Clampdown on insurers stock buying weighs on market outlook
New restrictions that block insurance companies from issuing products used to help fund leverage buyouts seen as dampening liquidity in the new year
Mainland investors are worried Beijing’s clampdown on insurance funds’ aggressive purchases of shares in Shanghai and Shenzhen will dampen liquidity, putting further pressure on equity markets struggling for direction as the economy slows.
The Shanghai Composite Index has lost nearly 5 per cent since the beginning of December when Liu Shiyu, chairman of the China Securities Regulatory Commission (CSRC), lambasted insurance firms for highly leveraged takeovers as “barbarians”.
Liu’s criticism, a rare move since he took office in February, was seen as a prelude to strengthened regulation on insurers’ share purchases.
The China Insurance Regulatory Commission (CIRC) stepped in two days later, investigating several insurers and suspending sales of high-risk investment products used to help fund leveraged buyouts.
Efforts by regulators to rein in institutional buying by the mainland’s 15 trillion yuan insurance sector has had a chilling effect on investor sentiment.
Retail investors in China consider the outlook for liquidity as a key factor in investment decisions, as most market turnover is driven by individual investors rather than institutions.
On the Shanghai Stock Exchange, average daily trade in December was down by nearly half from levels in November.
“Liu’s remarks triggered fears of a correction on the market and the 5 per cent loss in the past few weeks fueled the pessimism,” said Ivan Li, a trader at Everbright Securities. “After all, insurance funds are deemed as major institutions to support the market.”
According to the CIRC, insurers invested 1.89 trillion yuan in mutual funds and stocks in November, more than 12 per cent of their total assets.
The value of shares held by insurers accounted for about 4 per cent of the total market capitalisation on the Shanghai and Shenzhen stock exchanges.
The CIRC launched a crackdown on at least six insurers. These included Foresea Life, a unit of Baoneng Group and Evergrande Life, a subsidiary of China Evergrande Group. The units were barred from offering new universal life products – high-yield wealth management products that include a life protection component with most of the funds channelled towards equities, bonds and other investments.
Baoneng and Evergrande are at the centre of a hostile takeover attempt to control China Vanke, the mainland’s largest property developer, listed in Shenzhen.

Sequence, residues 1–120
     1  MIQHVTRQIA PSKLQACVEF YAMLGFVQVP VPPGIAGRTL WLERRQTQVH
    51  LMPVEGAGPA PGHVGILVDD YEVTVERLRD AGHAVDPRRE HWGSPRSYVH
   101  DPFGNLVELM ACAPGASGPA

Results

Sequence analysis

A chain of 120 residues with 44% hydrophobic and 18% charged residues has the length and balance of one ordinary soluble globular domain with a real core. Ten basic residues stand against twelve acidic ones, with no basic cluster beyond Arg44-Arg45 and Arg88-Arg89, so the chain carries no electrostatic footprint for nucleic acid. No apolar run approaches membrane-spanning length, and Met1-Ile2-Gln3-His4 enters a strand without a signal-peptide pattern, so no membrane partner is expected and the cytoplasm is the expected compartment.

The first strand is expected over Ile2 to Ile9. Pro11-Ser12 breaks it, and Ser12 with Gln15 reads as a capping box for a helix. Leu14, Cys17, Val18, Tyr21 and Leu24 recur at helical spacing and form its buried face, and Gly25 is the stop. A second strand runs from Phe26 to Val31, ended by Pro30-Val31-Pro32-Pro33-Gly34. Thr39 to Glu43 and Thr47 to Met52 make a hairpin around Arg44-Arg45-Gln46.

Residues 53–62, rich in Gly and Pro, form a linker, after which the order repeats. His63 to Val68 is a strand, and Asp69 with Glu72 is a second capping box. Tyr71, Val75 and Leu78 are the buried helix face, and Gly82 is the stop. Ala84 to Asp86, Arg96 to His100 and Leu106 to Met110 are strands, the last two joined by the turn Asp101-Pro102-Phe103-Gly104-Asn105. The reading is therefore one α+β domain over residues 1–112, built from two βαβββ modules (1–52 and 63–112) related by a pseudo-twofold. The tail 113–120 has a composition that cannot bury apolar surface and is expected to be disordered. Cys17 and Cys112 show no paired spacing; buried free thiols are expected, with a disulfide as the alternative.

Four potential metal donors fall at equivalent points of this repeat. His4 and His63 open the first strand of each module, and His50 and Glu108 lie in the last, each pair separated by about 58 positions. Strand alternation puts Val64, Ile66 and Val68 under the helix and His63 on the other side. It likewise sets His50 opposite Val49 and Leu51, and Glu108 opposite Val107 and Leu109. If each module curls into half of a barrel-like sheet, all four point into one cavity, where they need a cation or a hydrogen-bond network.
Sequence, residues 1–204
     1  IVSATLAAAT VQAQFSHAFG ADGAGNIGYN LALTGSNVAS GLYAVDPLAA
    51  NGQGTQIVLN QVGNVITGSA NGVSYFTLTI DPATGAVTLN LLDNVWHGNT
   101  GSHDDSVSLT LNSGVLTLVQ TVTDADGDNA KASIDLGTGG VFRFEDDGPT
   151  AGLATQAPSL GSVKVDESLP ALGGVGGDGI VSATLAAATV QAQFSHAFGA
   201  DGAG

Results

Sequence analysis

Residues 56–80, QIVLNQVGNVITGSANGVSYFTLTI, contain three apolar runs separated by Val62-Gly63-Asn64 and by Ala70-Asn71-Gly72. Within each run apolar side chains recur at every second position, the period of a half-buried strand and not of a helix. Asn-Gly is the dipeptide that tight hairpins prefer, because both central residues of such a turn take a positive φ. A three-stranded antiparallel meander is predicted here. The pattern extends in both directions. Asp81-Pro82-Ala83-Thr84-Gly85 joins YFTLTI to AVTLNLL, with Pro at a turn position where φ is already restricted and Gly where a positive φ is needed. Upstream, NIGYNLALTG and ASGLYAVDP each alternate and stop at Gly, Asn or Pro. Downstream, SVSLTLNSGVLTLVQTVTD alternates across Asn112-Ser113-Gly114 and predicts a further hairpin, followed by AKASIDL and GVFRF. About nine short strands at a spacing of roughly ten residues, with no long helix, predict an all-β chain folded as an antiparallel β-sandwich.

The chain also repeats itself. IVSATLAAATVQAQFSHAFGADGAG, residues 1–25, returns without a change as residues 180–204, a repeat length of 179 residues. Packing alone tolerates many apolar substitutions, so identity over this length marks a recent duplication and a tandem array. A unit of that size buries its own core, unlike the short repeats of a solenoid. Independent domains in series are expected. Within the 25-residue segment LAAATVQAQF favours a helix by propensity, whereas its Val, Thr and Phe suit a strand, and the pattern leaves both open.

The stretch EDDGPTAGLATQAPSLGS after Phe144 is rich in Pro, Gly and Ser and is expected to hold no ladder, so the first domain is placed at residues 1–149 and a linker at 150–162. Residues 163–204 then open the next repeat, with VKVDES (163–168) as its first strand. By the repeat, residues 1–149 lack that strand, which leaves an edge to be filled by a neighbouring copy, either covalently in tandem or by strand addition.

Insurers’ equity buying have been well received by retail investors in the past, as they believed that the massive funds spent to snap up shares of a targeted company could drive up the share prices, and create opportunities for short-term gains.
Since 2014, more than 150 mainland-listed companies have seen their shareholders issue notices for buying more than 5 per cent of their equity via the secondary market.
Investors are required to publish a statement after their holdings of a listed company exceed 5 per cent, which is considered a message to all other shareholders that a takeover attempt is taking shape.
“The securities regulator has reasons to cast doubts on the insurers’ bids for a controlling stake,” said Liu Qiaoyu, an analyst at Huatai Securities. “Maintaining stability is still the most important task.”
Universal life policies are investment products which are not designed for chasing long-term returns.
CIRC chairman Xiang Junbo said in mid-December that insurers should be financial investors rather than hostile acquirers.
Analysts said that insurance companies still lacked business acumen and the talent pool required to help them effectively manage a listed firm following a takeover.
If insurers were to dump shares as the universal life products expire, a sharp fall would likely take place.
The CSRC chairman was praised by the Communist Party’s mouthpieces for safeguarding investors’ interests.
But retail investors were sceptical.
“As long as insurers’ shares buying is legal, the securities regulator is not supposed to stop them from doing so [trading],” said Li Yan, a Shanghai-based investor who profits from speculating on stocks targeted by insurers. “The crackdown on insurers’ stock investment has a negative psychological impact on investors like me.”
Shanghai’s main share indicator advanced 10 per cent in the October-to-November period, buoyed by upbeat economic forecasts and the lifting of a ban that prevented provincial-level pension pools from investing in the stocks market.
The Shanghai Composite closed below the 3,100-point level on Thursday, having slid 5 per cent for the month, sparking concerns that further declines would signal the onset of a bear market.
A fall below the 3,000-point level would likely spark a further sell-off by retail investors amid concerns that the market had entered a technical downtrend.